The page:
“Showing the migration mortality hypothesis advocates their assumptions were wrong took awhile since that required a significant effort to vet our monarch tagging database for accuracy and to analyze the data,” Taylor said. “Dealing with 1.4 million records is no simple task.”
“In contrast to the predictions of the migration mortality advocates, the tagging recoveries — a measure of migration success — did not decrease over time, the researchers found.”
“In addition, the number tagged each year was correlated with the size of the overwintering population in Mexico, consistent with the milkweed limitation hypothesis. The tagging also confirmed that the majority of monarchs reaching the overwintering sites originated from the Upper Midwest.” [ source ]
The Monarch Watch study reinforces the need to restore milkweed to its original range and numbers. Restore milkweed, restore the monarchs.
Monarchs have painted themselves into a corner by requiring milkweed for reproduction. This was a perfectly fine idea when milkweed grew almost literally “everywhere”. It is still widespread but not nearly in the numbers seen in earlier decades. In the American Mid-West, the milkweed that would be maturing in the vast cornfields never got past seedling stage due to Round-up Ready agriculture. In my area, roadsides and highway verges, where milkweed flourishes, are generally mowed down in the late summer coinciding with the exact time that the caterpillars that will become the migrating super-generation of monarchs are on the milkweed plants.
All-in-all, this is encouraging science news, Western Monarchs have surged in some mysterious way, Eastern Monarchs are recovering, and the need to plant more milkweed has been established through rigorous painstaking science.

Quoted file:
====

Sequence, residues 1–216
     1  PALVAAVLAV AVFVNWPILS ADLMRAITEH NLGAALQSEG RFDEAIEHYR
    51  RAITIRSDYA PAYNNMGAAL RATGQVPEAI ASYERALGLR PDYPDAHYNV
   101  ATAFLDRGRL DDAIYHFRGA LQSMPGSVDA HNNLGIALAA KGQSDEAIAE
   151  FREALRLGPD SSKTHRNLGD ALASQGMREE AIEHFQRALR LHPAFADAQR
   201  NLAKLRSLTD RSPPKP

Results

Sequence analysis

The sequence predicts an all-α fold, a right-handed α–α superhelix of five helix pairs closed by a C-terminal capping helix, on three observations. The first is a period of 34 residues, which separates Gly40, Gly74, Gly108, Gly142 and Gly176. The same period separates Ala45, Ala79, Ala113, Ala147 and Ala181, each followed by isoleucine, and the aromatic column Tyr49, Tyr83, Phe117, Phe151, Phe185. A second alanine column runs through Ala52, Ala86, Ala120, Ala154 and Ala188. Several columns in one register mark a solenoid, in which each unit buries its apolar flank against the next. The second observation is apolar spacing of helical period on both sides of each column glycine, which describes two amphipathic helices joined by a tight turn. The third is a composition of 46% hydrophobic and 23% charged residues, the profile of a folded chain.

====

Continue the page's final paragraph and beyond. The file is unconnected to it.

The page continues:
1) Migrating monarch populations are recovering – though the underlying reasons for the dramatic recovery in the West is a mystery.
2) The actions needed to restore monarch migrations to the previously seen numbers are clear: a) encourage local and state agencies to cease mowing milkweed patches along highways with special emphasis on the Midwest, b) assist Mexico to fight the illegal logging in monarch reserve areas of Mexico.
3) You can help by planting beautiful native milkweeds at your home or encourage your local parks department to plant them in public gardens. Native Milkweeds are available from many commercials seed and plant companies such as Spring Hill, Select Seeds, Gardens Alive or American Meadows. Search the ‘net for “buy native milkweed seeds and plants”.
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My wife manages a small public garden as a volunteer at our local public-access boat launch on the river. We encourage a few native milkweed to grow as tall background flowers and have a few in our yard. They actually grown best in the “worst” places which is why they are often found on highway verges and abandoned fields. She also plants a few vegetables in amongst the flowers for the amusement of visitors – free cherry tomatoes for the pickin’.
My fascination with Monarch Butterflies dates back to my youth in Los Angeles, California, where Monarchs and Swallowtails can be found year around.
Monarch Watch does good work – like proving that climate change is not responsible for the decline of the monarchs — it also makes milkweed available through their Milkweed Market and through a program for their Free Milkweeds for Restoration Projects program.
I generally do not approve of international scale environmental organizations like WWF (which brags that 82% of its donations go to environmental programs, which is “pretty good” – in contrast, the charity my wife and I worked for in the Dominican Republic spent 100% of all donations on direct help programs, the overhead cost being covered by separate funding.) But WWF in Mexico does good work and is a prime mover in protecting the Monarch preserves in Central Mexico.
My other essays on Monarchs are found here.
Thanks for reading.